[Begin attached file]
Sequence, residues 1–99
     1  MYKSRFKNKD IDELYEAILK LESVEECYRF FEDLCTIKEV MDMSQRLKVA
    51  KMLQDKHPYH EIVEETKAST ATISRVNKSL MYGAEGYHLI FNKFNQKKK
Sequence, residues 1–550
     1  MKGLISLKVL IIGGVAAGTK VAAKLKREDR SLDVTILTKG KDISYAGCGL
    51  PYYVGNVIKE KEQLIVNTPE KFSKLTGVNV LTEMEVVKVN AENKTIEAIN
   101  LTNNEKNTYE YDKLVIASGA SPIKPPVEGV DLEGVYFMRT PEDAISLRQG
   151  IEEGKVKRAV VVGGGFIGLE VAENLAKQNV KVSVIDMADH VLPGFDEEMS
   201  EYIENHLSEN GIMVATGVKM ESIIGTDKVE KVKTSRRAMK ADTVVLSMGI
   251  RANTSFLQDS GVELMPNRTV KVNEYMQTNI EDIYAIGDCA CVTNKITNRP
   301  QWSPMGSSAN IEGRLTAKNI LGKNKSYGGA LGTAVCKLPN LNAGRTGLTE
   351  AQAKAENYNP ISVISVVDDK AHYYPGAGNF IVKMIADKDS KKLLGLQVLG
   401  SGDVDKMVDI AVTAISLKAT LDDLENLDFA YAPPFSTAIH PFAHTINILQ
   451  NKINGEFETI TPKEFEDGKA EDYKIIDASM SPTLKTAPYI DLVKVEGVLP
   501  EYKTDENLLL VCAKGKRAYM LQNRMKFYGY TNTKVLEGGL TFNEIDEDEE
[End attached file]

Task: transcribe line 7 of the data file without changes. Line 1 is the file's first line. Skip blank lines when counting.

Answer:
   101  LTNNEKNTYE YDKLVIASGA SPIKPPVEGV DLEGVYFMRT PEDAISLRQG